Just when you learned to fear Zika, a new foreign-sounding virus could be winging its way towards the Florida coast.
Health officials in the Dominican Republic went on alert Monday for a mosquito-borne illness known as the Mayaro virus, which was recently identified in a patient in neighboring Haiti. The illness, which can cause chills, malaise, headache, stomach pains and joint pains, is transmitted by that same god-awful Aedes aegypti mosquito that carries Zika, Dengue, Yellow fever and Chikungunya.
The symptoms of Mayaro are like a combination of typhoid and Chikungunya—you'll have to run to the bathroom every five minutes, but your joints will hurt so much your knees might not get you there in time.
The discovery of the rare virus 600 miles from Miami is cause for concern. Until it was found in Haiti, the illness was thought to be only in South America. Dr. John Lednicky, the University of Florida virologist who identified the illness in the Haitian patient, says it's still too early to say how many other people might be infected on Hispaniola, or whether the mosquito-borne virus "will make it here [to Florida] or not."
But if officials in South Florida have learned anything from Zika (and it's not clear whether they have) they should be on alert for Mayaro starting now, he says. After all, it wasn't long ago that Zika also seemed like an exotic and faraway threat, before it moved into Miami's trendy Wynwood art district and decided to take up residence in Florida.
"When we first found Zika in May 2015 in three patients in Haiti, we told everyone we knew but we couldn't get anyone interested," Dr. Lednicky told me in a phone interview. "We were told it was an obscure and benign virus."
Now we know differently. Zika is now understood to be a cause of microcephaly and other severe fetal brain defects. In less than a year, Zika went from being an unknown word to a scary word that's on the tip of everyone's tongue in South Florida. Sixteen months ago, Dr. Lednicky's team couldn't get anyone to heed their warnings about the spread of Zika. Now Miami has awareness campaigns, fumigation efforts, airport courtesy bins full of Off bug spray, and a curious number of people wearing long sleeves in a city known for showing skin.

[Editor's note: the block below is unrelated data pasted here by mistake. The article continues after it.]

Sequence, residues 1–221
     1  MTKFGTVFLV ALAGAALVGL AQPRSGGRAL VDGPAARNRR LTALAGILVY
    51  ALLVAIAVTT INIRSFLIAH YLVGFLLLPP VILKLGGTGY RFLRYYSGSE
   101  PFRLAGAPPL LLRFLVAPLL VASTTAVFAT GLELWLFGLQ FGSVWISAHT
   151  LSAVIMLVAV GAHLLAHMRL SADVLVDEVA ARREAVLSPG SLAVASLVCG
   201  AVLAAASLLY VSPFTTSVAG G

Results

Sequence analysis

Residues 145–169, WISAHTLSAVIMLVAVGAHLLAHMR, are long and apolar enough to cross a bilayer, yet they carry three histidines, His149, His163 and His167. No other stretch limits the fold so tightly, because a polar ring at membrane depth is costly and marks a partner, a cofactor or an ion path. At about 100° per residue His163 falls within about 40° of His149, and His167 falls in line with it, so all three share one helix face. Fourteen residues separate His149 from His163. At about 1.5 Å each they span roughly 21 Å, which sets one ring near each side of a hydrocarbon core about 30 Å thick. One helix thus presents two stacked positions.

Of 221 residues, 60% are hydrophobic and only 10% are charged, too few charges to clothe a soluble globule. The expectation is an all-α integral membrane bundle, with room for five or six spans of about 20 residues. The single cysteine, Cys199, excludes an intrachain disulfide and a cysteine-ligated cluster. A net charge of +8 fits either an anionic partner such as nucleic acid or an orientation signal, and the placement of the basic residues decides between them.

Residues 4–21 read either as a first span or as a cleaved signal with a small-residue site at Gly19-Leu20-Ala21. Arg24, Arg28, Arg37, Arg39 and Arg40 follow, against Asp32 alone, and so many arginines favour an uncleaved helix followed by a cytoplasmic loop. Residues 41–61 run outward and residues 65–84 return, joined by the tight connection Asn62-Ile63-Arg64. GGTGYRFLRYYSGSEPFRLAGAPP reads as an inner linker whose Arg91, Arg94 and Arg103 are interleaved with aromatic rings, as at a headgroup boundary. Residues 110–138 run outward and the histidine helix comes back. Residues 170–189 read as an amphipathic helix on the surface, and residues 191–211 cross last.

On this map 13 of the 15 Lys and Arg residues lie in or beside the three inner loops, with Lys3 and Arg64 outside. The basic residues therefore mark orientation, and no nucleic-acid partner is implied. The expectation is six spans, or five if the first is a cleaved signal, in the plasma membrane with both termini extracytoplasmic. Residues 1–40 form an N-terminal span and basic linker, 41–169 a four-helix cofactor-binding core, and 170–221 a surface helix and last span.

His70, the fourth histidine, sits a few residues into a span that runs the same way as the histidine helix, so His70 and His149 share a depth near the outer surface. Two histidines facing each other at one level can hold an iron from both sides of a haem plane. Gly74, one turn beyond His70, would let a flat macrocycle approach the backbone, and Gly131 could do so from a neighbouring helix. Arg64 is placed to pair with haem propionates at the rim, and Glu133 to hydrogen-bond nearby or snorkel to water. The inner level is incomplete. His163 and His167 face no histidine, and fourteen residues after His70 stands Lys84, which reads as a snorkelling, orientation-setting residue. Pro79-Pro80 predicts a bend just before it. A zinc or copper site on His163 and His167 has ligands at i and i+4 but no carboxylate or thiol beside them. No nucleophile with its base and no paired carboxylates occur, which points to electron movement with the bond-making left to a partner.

So Mayaro shouldn't be shrugged off, Lednicky says.
"We need to be pro-active and stay on top of this thing," he urged.
That's easier said than done. Mayaro is still somewhat of a mystery, and there isn't even good testing for it. So staying on top of it means making money available for research and response.
Here's what we do know about the pesky virus. Mayaro was discovered in Trinidad in 1974, but has since been limited to South America. The worst outbreak was recorded in Venezuela in 2000, but has also been previously detected in Bolivia, Brazil, Colombia, Peru, Guyana, and Surinam.
Lednicky says the rediscovery of the virus in the Caribbean is "very startling," and raises several unanswered questions, like "Has it been there the whole time and no one recognized it?"
It's possible. The virologist says the symptoms of Mayaro are so similar to Chikungunya and several other ailments that it's easy to misdiagnose. Dual infections can also complicate an accurate diagnosis. The Haitian patient who tested positive for Mayaro also tested positive for Dengue 1, and was mistakenly being treated for typhoid. The presence of the Mayaro virus was only identified through blood lab tests at the University of Florida's Emerging Pathogens Institute.
"There are still a lot of unknowns," Lednicky said. "The important thing is to stay on top of things because any one of theses mosquito-borne viruses can make its way to Florida, so people have to be prepared."